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Insulin shot could prevent type 1 diabetes in children

Categories: Current Research

Some researchers say that an early trial of giving insulin to children induced what appears to be a protective immune response at high risk of developing type 1 diabetes. This could lead to further research and trials to find a way to prevent diabetes from developing in young children.

Details of the research

This claim was a result of a study done on 25 children that were at risk for diabetes. Each child had a strong family history of type 1 diabetes, which puts them as risk. They tested the theory by giving 15 children doses of insulin, and 10 children were given a placebo dose, which means there is no insulin in those doses

Promising results

The researchers were given encouraging results which show that treating young kids with insulin early could prevent them from developing type 1 diabetes later on in life. Around 83 percent of children showed a protective immune system response. It’s hoped that those who have a response to the insulin capsules will create protective immune-regulating cells that recognize insulin and understand it is not a threat that needs to be attacked. This is beneficial because type 1 diabetes works by the body thinking insulin-producing cells are a threat and destroys them. This effectively counters the body’s negative response to the insulin-producing cells.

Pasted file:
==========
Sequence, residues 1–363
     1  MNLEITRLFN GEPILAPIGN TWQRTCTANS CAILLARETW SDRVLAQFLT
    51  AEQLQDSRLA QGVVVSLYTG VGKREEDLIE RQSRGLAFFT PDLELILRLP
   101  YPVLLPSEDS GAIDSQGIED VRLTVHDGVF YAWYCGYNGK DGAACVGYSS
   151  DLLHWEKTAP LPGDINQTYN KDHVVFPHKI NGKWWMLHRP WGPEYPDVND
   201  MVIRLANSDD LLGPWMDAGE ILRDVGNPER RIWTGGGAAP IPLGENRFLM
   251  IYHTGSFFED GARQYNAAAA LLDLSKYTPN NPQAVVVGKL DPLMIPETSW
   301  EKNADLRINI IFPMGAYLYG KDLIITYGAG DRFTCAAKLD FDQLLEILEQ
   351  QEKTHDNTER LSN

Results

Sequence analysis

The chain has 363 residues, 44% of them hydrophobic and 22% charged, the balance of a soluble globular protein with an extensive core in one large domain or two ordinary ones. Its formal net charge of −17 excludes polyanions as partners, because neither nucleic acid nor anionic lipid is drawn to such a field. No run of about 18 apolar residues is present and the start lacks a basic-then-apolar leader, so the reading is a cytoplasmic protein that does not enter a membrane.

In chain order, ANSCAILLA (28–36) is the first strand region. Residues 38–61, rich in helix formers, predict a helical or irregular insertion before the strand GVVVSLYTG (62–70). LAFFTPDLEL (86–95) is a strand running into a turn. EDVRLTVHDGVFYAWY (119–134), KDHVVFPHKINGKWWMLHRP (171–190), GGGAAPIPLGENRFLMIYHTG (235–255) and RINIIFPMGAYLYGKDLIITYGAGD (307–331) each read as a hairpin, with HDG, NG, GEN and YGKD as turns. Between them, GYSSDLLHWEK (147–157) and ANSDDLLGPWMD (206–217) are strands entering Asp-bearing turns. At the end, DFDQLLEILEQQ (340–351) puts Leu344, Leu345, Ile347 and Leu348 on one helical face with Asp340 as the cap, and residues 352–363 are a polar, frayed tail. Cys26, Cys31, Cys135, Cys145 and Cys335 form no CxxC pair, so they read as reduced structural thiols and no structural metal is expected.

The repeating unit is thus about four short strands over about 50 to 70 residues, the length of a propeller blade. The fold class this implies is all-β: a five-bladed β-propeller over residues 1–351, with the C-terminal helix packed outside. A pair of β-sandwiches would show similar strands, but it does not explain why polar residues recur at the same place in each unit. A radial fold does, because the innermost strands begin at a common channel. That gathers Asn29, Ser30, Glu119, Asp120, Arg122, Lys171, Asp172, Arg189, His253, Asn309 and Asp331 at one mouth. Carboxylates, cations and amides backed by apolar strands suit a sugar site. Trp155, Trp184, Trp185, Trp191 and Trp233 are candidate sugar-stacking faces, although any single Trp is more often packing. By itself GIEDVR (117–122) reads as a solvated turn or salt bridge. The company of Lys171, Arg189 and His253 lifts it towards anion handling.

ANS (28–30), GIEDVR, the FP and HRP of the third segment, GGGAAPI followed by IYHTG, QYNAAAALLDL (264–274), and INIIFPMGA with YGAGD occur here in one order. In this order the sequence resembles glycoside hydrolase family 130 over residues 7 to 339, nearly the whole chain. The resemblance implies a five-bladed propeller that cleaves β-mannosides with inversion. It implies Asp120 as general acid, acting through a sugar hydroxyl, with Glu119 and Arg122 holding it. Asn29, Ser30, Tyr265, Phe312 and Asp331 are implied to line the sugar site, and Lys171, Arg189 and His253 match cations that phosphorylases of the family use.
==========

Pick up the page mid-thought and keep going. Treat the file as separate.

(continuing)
There is still more to be done

Since this study has been done on such a small scale, it needs more research and time to be understood. More numerous trials and studies need to be done to provide more backing evidence for the treatment’s positive results. It’s unclear how long the therapy would need to be provided to induce a protective immune response, or if the treatment could even eventually cause the disorder it’s attempting to prevent.

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